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2 July 2016
No. 4,567 (cartoon)
Thinking is a waste of time.
Is that what you think?
I’ve never really thought about it.
3 July 2016
The Best Rubber Sandwich Ever
A few months ago I noted that The Los Angeles Times ran an article of dubious journalistic merit, “How to boil an egg.” I’m still not sure whether that was a better idea than the piece that appeared in The New York Times, “How to Make the Best Sandwich Ever.”
I suppose Sam Sifton should be commended for doing something more ambitious than writing a dissertation such as, “How to slice bread.” Sadly, Sifton’s idea of the “best ever” sandwich is based on oily, rubbery eggplant.
The problem with eggplant is eggplant. Whether you coat it in salt, soak it in oil, bury it under sauerkraut, or smother it in cheese, it’s still stringy, mealy eggplant.
This ridiculous feature is an embarrassing mistake for such an august newspaper. I suspect that a junior editor or headline writer is responsible for this debacle, and that the correct title was, “How to Make the Worst Sandwich Ever.”
4 July 2016
I wasn’t shocked or saddened to hear that Ben Patterson died last week because I never knew he existed. Had I known the first thing about the history of contemporary art I would have certainly heard about an innovator like Patterson, but art history and I ignore each other.
Marcel Duchamp had a wonderful insight into yesterday’s art.
“No painting has an active life of more than thirty or forty yearsthat’s another little idea of mine. I don’t care if it’s true, it helps me to make that distinction between living art and art history. After thirty or forty years, the painting dies, loses its aura, its emanation, whatever you want to call it. And then it is either forgotten or else it enters the purgatory of art history.”
I have enough lethargy as it is without getting lost in purgatory, so Patterson’s obituary was enough information for me. That’s where I read about his insight into aleatoric and/or random and/or chance-based music.
“Only much later did I realize that what I had discovered was a ‘method’ ... and of course, a ‘method’ is not ‘music’.”
Aha! Now I understand why I love John Cage’s music but have never listened to it.
5 July 2016
End of the Line: Al Weber 1930-2016
I went to Charles Gatewood’s memorial service a couple of days ago, where Jello Biafra gave a stirring rendition of Die Toten Hosen’s song, “Dirty Pictures.” It was great to see his life reflected in the lives of his friends. It was a touching remembrance, and an unexpectedly sad one as well when I learned that Al Weber died on 27 February. I wasn’t surprised at the news. His health had been declining for years, and the foreshadowing was obvious last fall when he said he wasn’t accepting visitors.
My last visit with him was on 13 December 2011; I had no idea it would be my final visit. I photographed his darkroom sink with the bumper sticker, “Never trust a man who doesn’t drink.” It’s a good way of remembering him.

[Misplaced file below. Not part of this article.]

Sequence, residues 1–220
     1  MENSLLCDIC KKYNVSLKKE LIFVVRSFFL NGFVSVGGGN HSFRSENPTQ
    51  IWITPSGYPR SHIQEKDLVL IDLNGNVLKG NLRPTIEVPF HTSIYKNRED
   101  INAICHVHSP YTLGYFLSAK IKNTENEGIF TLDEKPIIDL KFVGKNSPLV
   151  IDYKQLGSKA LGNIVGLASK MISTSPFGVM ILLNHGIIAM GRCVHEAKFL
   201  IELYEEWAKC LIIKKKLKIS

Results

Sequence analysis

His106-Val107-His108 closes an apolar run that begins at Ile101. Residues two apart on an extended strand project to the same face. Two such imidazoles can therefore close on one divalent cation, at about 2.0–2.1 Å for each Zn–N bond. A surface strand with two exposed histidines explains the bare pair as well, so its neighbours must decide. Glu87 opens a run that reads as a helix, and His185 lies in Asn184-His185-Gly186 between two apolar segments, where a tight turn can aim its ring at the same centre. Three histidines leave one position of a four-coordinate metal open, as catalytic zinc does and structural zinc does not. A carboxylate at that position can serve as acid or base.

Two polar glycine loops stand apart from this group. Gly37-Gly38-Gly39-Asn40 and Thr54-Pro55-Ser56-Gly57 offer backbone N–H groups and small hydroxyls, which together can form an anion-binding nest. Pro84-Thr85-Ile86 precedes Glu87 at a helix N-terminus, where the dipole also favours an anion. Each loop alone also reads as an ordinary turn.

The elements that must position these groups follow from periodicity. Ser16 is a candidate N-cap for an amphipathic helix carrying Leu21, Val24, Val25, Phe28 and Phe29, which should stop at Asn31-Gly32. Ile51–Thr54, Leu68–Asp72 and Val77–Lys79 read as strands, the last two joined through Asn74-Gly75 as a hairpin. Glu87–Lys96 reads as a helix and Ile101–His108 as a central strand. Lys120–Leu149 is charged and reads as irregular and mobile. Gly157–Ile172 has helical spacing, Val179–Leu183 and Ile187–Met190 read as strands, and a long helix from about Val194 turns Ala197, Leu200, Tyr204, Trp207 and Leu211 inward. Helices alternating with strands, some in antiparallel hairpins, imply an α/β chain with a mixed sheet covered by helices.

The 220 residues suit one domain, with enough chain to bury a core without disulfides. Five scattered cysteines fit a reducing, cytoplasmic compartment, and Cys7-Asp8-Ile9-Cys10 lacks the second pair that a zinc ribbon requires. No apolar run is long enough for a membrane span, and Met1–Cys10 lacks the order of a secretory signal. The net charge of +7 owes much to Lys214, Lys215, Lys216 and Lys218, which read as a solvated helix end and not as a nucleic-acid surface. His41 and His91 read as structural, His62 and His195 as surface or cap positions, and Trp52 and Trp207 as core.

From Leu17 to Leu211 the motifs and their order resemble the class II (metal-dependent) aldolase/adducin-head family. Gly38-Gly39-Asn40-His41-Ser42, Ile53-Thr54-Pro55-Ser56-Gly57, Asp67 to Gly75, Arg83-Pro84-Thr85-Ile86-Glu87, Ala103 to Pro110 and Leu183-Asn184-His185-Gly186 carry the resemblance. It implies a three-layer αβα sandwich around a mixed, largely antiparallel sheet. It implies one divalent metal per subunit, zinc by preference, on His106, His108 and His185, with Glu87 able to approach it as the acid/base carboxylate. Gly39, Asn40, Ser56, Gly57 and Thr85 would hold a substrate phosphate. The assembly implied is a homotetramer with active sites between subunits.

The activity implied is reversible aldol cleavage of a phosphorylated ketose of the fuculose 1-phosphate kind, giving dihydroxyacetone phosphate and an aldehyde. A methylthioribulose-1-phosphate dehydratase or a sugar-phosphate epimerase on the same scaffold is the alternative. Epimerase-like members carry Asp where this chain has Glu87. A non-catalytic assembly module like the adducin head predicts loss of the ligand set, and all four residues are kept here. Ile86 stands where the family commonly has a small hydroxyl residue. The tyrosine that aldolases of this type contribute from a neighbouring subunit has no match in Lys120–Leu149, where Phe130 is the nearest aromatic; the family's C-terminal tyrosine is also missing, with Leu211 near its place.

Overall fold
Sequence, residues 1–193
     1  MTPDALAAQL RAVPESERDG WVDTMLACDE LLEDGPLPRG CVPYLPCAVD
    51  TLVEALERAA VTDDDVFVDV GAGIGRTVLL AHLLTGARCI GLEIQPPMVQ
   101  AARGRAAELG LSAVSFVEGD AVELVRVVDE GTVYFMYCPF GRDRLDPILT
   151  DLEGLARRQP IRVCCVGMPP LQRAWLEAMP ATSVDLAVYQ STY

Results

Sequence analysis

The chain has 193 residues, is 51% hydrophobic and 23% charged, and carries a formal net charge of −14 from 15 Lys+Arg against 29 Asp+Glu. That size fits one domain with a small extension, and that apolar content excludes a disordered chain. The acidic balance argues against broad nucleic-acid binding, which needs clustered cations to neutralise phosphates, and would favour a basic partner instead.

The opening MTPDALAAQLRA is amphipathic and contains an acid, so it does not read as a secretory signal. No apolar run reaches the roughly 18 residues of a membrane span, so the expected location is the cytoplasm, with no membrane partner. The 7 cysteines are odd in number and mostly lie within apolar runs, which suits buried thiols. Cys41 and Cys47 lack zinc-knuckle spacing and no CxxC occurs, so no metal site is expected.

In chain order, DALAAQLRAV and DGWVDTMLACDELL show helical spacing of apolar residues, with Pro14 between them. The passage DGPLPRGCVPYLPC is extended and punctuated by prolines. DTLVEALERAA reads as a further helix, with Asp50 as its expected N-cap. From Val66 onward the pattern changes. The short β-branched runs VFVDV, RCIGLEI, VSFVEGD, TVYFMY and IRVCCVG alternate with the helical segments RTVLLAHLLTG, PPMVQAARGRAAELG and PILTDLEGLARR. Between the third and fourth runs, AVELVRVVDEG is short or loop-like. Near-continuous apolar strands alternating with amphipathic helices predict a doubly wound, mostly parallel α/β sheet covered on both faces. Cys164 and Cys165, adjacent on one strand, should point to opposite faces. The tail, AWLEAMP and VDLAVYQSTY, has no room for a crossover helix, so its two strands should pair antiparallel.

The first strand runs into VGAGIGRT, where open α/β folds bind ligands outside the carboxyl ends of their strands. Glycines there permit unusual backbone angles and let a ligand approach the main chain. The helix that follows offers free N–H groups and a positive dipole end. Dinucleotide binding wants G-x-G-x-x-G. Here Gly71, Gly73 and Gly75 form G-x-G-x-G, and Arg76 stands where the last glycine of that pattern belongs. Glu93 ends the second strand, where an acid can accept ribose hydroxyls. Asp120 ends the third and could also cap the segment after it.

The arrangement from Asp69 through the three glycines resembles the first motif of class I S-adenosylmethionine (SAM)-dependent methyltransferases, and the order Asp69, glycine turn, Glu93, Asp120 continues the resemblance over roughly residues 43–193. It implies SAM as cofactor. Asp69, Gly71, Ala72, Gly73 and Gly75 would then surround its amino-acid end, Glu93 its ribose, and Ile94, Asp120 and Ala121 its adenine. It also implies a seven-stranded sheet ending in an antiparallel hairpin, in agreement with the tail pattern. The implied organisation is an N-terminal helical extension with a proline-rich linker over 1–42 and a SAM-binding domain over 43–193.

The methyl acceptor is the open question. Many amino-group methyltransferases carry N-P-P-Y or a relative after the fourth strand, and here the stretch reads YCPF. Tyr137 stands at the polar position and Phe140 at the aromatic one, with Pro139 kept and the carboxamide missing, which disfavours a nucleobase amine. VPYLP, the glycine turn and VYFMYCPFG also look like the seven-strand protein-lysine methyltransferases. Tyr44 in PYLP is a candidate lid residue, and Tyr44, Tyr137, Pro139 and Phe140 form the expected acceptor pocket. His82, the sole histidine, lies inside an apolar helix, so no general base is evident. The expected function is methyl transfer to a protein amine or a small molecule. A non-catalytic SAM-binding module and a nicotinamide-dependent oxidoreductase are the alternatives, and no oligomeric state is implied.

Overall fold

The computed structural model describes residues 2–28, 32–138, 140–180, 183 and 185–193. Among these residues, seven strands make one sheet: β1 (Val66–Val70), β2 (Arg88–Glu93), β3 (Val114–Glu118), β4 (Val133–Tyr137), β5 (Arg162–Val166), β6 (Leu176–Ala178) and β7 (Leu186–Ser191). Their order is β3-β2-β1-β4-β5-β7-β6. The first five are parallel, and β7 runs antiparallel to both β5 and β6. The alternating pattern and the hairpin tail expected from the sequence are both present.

I met Al in the context of photography. That was a common thread in our relationship over the nearly forty years I knew him, but photography is not the first thing that comes to mind when I remember him. That’s in large part because Al, as a very smart guy, knew art wasn’t the most important or rewarding part of his life. I’m thinking his marriage to Suzie. I’ve never seen anyone more in love, more committed, or more satisfied.
I had my fourth meditative can of the Rainier Ale: The End of the Line series looking back on a rich life and a rewarding friendship.
6 July 2016
Helena told me that Mabel, her mother, thinks I’m a loafer. Mabel’s within spitting distance of her ninetieth birthday, and I find her quaint vocabulary both amusing and charming.
“I’d rather be a loafer than a heel,” I replied.
“They’re not mutually exclusive, you know,” Helena observed.
“Please do me a favor and pass along James Thurber’s advice to your mother,” I asked. “It is better to have loafed and lost than never to have loafed at all.”
“She’ll like that,” Helena agreed. “I can already hear her saying that only a loafer would quote someone else instead of thinking of something to say.”
7 July 2016
The European Space Agency and the National Aeronautics and Space Administration announced that the universe is expanding from five to nine percent faster than scientists previously guesstimated.
In other news, Europeans and Americans are getting from five to nine percent fatter. Coincidence? I think not.
8 July 2016
The Periodic Table of the Periods
As an artist with a minimal grasp of science, I’ve always been baffled by the periodic table of the elements. Why are they arranged like that? And why the zany numbering system?
I know next to nothing about chemistry, but I do have a naïve appreciation of typography. And so, I created The Periodic Table of the Periods, also available as a PDF file. I quite liked it, so I made The Periodic Table of the Commas. Before I could go on to colons, semicolons, et cetera, I realized I was repeating myself. I destroyed The Periodic Table of the Commas, and decided to instead start on my next project as soon as I figure out what it is.
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©2016 David Glenn Rinehart